One part of the Homestead Act gave special treatment to veterans of the Civil War. After the war, a soldier would be allowed to deduct the number of years that he served in the Union Army from the five-year residency requirement. Any person who had fought against the Union was not eligible. So the Homestead Act was passed, partly, as a recruiting tool for the Army.
But there is little evidence that Union soldiers thought much about homesteading during the Civil War. For instance, Uriah Oblinger was a veteran, and he did later homestead in Nebraska. But none of his letters that survive from the Civil War talk about his plans to take advantage of the Homestead Act. Instead Uriah’s letters are mostly about with survival. Historians say this is common for Civil War letters.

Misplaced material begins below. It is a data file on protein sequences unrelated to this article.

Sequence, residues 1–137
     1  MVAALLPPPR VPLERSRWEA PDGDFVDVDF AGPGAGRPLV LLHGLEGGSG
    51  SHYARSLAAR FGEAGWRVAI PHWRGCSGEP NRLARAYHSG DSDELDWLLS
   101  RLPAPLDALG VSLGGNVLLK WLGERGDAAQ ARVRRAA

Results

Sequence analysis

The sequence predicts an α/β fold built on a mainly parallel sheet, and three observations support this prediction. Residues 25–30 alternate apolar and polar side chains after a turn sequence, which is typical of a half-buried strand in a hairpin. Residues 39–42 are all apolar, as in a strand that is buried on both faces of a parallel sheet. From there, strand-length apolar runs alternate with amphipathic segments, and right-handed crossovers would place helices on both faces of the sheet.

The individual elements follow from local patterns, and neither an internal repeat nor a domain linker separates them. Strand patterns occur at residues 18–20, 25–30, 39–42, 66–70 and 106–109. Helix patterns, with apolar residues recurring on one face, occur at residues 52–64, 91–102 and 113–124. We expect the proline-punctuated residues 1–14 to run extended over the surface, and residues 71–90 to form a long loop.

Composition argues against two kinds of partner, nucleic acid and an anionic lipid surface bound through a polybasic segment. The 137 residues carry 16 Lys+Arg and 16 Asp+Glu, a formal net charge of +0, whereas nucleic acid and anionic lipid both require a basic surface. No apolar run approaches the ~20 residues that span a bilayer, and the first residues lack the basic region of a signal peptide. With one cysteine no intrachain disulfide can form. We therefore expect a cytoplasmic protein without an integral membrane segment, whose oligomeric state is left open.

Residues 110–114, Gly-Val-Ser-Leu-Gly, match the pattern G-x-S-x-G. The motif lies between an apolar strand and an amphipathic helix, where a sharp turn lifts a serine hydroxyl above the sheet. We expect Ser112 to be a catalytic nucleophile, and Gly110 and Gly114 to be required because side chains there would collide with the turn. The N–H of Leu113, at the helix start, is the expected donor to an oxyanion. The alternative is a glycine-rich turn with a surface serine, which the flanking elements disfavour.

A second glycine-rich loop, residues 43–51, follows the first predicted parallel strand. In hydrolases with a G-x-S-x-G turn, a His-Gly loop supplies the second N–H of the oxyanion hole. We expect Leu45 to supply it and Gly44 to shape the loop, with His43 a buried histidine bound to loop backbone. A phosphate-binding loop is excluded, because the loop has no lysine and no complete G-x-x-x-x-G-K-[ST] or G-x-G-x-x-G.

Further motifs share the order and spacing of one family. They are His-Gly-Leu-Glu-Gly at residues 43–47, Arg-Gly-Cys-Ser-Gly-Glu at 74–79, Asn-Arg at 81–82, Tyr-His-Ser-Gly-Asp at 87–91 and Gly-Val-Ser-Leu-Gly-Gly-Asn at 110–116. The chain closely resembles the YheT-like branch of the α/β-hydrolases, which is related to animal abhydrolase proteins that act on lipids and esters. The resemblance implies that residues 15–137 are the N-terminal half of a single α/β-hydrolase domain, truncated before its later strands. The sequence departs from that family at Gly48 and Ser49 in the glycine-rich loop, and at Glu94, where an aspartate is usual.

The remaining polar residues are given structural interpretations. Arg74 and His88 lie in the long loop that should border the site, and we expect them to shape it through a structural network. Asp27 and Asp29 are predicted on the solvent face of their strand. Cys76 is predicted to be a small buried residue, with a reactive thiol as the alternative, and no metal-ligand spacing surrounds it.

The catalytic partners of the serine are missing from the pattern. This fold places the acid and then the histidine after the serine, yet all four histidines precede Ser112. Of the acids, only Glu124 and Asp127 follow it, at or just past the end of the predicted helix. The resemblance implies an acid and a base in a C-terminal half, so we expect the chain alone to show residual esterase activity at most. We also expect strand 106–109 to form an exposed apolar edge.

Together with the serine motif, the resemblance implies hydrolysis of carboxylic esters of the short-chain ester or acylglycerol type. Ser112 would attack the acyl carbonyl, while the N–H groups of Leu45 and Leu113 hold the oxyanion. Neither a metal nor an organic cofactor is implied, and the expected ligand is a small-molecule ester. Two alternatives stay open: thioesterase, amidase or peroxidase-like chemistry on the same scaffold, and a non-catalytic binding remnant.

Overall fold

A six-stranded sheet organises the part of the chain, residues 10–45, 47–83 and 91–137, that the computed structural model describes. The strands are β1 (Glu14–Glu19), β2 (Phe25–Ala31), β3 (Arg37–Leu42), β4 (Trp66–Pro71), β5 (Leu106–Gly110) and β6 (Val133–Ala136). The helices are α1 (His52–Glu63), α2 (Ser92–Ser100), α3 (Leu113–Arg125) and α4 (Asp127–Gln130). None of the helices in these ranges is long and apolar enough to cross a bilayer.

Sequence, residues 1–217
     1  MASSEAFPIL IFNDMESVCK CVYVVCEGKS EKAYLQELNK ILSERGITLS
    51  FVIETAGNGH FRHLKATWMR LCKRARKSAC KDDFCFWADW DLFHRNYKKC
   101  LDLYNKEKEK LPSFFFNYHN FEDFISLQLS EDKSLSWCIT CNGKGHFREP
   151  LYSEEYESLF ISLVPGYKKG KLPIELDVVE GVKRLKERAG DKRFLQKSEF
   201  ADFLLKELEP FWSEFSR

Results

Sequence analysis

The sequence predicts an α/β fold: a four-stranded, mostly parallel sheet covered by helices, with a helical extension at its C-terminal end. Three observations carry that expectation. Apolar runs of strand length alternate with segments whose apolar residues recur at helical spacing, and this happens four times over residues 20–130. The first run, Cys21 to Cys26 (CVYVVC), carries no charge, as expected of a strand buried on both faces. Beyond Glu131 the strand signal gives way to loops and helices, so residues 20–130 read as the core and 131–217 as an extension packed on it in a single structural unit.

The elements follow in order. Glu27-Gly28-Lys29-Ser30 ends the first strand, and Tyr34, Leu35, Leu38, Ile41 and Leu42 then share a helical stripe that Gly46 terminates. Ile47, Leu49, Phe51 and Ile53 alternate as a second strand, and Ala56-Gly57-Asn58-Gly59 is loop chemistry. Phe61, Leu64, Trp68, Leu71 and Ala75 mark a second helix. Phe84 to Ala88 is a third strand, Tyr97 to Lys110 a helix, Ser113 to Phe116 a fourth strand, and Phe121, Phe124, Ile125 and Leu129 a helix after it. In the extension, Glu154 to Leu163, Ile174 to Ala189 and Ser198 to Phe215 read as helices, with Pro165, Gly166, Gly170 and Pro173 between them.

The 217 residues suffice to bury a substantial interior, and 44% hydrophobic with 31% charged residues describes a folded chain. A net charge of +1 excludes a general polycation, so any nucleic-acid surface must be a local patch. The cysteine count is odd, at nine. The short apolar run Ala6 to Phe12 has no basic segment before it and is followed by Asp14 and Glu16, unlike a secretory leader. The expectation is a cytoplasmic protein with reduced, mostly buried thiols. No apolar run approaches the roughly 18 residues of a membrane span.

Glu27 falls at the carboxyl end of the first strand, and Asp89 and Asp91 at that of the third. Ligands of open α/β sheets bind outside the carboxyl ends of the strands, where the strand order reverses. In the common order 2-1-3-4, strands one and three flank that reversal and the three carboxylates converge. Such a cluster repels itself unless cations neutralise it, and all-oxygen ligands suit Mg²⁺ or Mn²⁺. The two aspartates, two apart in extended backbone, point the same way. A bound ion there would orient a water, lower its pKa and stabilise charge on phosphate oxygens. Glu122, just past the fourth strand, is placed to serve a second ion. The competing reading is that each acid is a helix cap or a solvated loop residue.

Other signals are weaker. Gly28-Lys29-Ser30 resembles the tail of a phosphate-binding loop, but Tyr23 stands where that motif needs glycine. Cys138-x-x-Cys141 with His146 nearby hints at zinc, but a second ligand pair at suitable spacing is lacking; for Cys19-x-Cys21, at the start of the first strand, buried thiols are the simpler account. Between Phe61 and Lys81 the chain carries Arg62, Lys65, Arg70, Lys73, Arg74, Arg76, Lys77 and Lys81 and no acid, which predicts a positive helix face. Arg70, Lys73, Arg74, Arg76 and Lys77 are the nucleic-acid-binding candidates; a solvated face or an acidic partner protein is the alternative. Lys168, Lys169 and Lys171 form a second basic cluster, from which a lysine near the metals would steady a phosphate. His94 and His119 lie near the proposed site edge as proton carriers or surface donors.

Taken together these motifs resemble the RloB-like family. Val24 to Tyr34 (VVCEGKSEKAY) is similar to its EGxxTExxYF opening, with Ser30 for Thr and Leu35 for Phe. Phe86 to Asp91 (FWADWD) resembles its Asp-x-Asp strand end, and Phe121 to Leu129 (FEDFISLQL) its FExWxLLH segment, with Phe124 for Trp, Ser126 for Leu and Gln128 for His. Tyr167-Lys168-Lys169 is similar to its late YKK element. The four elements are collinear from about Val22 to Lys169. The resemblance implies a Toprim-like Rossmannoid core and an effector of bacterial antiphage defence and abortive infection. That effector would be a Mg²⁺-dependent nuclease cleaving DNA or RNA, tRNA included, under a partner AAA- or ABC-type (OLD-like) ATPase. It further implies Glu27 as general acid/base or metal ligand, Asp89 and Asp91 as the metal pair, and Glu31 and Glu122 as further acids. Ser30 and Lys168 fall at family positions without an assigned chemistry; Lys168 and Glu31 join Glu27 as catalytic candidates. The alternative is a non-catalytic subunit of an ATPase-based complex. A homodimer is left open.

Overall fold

All three acts caused major growth in Nebraska’s population. In 1854, before the Civil War, there were only 2,732 settlers clustered in towns like Omaha and Brownville along the Missouri River. By 1870, there were over 122,000 settlers in towns and on farms as far west as Grand Island and Kearney.
Some Civil War Medal of Honor recipients are in the Nebraska Hall of Fame.
Learn more about its members.